A quick glance through the papers will show you that there are only two types of people in the world; those that hate Twitter and those that love it. If your boss is a Hater, you might have a problem.
I don’t know your boss, maybe they never changed their mind about anything ever, but as an editor in the digital space, you need to be trying very hard to turn the Big Cheese on to Twitter. It has the potential to be a powerful weapon in your digital armoury.
There are a million “emotional” reasons for hating Twitter; Celebrity tweets are only one. Of the valid business reasons, there’s really only one that matters – It appears to demand resource for no discernible ROI.
Now, you don’t often see Twitter and ROI used in the same same sentence and that’s part of the problem. How do you get serious commercial managers to engage with a service that has barely sent out invoice?
A while back Dan Blank at Reed Business Information put together an awesome cost/benefit analysis of Twitter for School Library Journal that might help you bring your boss round.
Dan presents strong arguments on Twitter delivering better reader engagement, improved industry contacts and solid news gathering opportunities, but if you’re boss is anything like mine, these won’t sway the day. My guy would say these are soft, unmeasurable, fuzzy. He wants numbers.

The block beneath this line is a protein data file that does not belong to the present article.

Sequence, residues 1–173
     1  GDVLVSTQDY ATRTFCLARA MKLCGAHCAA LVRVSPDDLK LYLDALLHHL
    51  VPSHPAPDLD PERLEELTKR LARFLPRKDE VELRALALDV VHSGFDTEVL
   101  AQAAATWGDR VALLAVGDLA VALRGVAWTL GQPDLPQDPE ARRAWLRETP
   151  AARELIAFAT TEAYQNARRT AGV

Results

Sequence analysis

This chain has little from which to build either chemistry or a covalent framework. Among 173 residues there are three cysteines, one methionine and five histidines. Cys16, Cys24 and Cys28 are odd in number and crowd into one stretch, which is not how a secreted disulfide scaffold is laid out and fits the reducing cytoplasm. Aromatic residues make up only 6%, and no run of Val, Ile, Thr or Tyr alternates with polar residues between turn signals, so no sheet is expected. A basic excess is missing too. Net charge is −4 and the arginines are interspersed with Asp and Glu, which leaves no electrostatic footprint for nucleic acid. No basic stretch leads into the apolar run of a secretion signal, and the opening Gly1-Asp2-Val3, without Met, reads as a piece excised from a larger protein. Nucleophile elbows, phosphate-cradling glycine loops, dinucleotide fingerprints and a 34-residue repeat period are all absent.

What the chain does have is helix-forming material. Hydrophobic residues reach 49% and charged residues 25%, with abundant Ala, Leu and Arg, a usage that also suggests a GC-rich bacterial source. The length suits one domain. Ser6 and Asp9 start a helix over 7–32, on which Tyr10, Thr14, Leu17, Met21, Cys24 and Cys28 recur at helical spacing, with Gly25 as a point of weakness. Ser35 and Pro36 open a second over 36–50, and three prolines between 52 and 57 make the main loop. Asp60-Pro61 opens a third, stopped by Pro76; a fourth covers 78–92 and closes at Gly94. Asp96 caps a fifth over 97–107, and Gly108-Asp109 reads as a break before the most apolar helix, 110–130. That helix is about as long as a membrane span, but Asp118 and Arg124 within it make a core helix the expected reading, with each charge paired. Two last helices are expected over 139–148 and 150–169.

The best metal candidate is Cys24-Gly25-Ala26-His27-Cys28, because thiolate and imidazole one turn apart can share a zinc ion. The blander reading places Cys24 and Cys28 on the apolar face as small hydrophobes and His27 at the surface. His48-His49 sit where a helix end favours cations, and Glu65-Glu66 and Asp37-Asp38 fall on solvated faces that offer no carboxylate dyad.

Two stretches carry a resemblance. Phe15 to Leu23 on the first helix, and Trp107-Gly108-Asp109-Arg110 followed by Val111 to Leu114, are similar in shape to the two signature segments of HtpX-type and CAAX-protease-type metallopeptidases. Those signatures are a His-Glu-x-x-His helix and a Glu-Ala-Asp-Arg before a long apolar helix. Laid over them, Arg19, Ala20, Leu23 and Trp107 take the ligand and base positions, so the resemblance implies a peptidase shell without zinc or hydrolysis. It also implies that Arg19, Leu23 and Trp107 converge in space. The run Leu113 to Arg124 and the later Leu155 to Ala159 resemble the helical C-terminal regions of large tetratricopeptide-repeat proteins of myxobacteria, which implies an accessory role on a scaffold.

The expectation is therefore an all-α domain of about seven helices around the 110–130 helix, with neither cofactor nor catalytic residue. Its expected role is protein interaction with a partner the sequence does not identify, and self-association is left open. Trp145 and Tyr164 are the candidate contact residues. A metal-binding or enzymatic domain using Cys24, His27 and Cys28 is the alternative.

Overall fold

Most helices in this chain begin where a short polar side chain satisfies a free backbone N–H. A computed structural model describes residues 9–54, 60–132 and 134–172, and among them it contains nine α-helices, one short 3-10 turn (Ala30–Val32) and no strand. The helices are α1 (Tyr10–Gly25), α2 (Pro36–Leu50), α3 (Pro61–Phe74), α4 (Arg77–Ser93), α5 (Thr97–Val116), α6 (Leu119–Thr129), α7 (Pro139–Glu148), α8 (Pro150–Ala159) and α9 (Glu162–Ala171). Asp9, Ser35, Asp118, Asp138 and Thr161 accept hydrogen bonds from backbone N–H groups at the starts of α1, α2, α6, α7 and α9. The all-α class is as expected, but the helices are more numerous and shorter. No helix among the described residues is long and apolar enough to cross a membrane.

So lets give him numbers.
Dan Blank’s ROI equation for SLJ, is a great starting point: 277 tweets posted in a month delivered “a few thousand page views”. This squares with my own experience of Twitter – it does deliver traffic. On Pharm Exec Digest we have seen as much as 5% of our visitors come directly from links posted on Twitter.
Finally the Face in the corner office is listening.
But you just know what’s coming next. “OK so we get some traffic, but how much work are we doing to get it?”
Well, Twitter doesn’t need to be the time sink that many see it as. It can be, but with a little self discipline you and your staff can fit Twitter in between everything else that you have to do. If you’re worried that you’ll lose track of time spent on Twitter, or that your boss won’t believe you, there are some interesting tools out there to help.
Tweetstats will let you count the average number of tweets you and your team make in a day, and see what days of the week and what hours of the day you are most actively tweeting. Squeeze everything in around 9 am, at lunch and after 5 pm and no one’s going to argue. Tweetstats will also show you how many of your tweets illicit a reply i.e. generate audience engagement.
To gauge your “pass along readership” on Twitter, take a look at Retweetrank. This will show you how many of your posts have been re-posted, or re-tweeted, by your followers. This is an important metric as it is the key extending your reach beyond your direct followers.
Finally, Twittercounter lets you graph your progress in gaining followers and predicts where you might be in 30 days. The growth chart is a sure way to hook in the money men. When was the last time they saw a chart rising like your followers’ chart?
Like the best salesperson, you will sell Twitter to your boss by pitching the benefits. Match your web analytics against your Twitter stats and demonstrate the upturn in traffic is worth the effort. Prove that you can win extra visitors and page views without spending on promotions. You’re boss may never become a Twitter Lover, but he or she will leave you alone to get on with it.